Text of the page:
Mucopolysaccharidosis Type IIIA (MPSIIIA) is a metabolic disorder in which the body is missing an enzyme that is required to break down long chains of sugars known as glycosaminoglycans. Over time, the glycosaminoglycans collect in the body and cause damage, particularly in the brain.
In this issue of the Journal of Clinical Investigation, Fatima Bosch and colleagues at Universitat Autonoma de Barcelona in Spain developed a form of gene therapy to replace the enzyme that is missing in MPSIIIA. By injecting the replacement gene into the the cerebrospinal fluid that surrounds the brain and spinal cord, Bosch and colleagues found that they could successfully deliver a replacement gene to the brain in mice and dogs.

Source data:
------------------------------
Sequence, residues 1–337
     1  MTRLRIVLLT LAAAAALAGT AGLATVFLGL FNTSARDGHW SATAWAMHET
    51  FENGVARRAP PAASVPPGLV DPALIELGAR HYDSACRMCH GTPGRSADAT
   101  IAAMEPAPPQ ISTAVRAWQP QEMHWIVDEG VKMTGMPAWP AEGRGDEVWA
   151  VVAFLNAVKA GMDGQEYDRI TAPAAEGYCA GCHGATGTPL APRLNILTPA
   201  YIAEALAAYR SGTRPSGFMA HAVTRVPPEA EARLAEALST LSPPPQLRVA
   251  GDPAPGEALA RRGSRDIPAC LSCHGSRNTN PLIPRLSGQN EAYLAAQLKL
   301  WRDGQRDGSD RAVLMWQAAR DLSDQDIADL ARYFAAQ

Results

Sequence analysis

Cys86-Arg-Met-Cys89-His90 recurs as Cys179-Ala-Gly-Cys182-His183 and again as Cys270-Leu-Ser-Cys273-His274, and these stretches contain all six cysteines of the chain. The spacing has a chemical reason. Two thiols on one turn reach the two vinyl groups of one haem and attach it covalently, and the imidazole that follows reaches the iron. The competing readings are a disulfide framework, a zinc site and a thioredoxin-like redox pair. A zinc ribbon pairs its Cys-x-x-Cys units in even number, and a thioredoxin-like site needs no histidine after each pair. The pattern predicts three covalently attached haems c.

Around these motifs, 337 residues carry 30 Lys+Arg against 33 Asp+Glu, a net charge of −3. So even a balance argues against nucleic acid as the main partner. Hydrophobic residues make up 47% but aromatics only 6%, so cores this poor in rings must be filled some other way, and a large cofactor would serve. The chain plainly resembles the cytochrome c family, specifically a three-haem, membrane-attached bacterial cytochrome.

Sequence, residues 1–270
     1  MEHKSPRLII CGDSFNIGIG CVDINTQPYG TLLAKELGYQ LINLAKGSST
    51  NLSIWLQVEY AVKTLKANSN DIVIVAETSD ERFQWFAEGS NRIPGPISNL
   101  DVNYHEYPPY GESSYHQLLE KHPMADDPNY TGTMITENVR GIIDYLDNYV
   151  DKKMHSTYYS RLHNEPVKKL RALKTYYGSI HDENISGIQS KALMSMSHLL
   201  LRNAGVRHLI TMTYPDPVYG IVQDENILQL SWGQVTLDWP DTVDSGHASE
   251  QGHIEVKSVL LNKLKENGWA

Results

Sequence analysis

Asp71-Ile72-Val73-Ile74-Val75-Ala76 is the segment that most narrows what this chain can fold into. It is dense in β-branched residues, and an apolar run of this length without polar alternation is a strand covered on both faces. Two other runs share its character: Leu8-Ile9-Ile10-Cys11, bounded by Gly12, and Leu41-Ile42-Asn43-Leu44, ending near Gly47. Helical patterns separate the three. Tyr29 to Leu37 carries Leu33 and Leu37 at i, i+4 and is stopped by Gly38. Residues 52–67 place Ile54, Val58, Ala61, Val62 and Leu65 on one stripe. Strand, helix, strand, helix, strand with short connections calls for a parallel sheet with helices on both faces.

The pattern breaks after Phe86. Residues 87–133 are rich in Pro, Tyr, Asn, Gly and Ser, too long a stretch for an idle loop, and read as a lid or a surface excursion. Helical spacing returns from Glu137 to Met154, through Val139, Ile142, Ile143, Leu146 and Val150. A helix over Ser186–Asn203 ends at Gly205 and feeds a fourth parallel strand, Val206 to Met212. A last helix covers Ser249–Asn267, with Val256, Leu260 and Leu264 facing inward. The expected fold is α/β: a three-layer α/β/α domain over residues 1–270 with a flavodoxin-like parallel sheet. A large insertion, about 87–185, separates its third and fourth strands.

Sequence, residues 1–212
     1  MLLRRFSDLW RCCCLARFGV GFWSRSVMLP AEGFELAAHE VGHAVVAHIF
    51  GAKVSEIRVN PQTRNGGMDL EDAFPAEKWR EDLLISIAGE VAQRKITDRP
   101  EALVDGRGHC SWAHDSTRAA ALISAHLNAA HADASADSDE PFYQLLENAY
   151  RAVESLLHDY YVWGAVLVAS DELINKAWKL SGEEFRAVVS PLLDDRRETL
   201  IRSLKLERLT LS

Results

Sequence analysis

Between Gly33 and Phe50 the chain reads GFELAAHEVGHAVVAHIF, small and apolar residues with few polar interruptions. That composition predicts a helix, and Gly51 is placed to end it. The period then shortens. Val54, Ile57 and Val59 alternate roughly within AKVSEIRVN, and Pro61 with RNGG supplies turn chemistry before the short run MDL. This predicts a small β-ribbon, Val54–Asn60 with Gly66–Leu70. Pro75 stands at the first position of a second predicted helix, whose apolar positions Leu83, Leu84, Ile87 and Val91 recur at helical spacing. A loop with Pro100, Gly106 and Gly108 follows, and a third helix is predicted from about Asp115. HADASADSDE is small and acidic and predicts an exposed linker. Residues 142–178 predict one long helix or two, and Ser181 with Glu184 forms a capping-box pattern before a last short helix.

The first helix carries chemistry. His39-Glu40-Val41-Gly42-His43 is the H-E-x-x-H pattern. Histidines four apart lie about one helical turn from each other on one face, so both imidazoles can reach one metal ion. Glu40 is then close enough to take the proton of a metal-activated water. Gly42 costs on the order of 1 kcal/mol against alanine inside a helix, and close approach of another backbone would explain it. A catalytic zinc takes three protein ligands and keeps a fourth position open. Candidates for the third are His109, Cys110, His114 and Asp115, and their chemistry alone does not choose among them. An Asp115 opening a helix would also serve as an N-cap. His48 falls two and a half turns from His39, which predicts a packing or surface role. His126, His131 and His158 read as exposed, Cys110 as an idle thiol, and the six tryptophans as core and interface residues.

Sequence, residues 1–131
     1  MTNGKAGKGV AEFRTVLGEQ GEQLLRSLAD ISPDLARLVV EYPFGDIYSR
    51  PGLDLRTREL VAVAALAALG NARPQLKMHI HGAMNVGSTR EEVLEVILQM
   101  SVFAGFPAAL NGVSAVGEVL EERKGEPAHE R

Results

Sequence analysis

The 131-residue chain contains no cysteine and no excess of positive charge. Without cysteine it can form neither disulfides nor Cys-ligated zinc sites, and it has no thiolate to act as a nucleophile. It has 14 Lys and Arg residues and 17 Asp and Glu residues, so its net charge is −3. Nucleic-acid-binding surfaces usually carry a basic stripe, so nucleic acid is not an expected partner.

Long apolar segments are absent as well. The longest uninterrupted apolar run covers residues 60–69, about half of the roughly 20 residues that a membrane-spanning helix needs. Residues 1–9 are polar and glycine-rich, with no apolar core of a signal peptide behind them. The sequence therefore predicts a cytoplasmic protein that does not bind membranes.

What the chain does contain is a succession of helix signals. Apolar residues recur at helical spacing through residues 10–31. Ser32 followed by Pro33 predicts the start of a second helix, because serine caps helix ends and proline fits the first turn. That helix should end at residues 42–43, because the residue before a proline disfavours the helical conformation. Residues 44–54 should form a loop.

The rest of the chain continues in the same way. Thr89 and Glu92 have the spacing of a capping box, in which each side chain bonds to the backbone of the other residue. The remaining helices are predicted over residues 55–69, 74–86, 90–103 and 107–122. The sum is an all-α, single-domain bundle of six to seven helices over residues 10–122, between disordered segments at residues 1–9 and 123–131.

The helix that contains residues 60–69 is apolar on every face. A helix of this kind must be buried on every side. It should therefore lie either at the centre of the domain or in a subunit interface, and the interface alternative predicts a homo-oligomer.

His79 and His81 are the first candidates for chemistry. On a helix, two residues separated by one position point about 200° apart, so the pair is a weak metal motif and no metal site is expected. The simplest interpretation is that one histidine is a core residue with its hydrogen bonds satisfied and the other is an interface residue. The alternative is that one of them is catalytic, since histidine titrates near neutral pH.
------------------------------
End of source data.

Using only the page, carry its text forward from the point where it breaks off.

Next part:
This study demonstrates that gene therapy can be delivered to the brain through the cerebrospinal fluid and suggests that this approach could potentially be used as a therapy for MPSIIIA.
TITLE: Whole body correction of Mucopolysaccharidosis IIIA by intra-cerebrospinal fluid gene therapy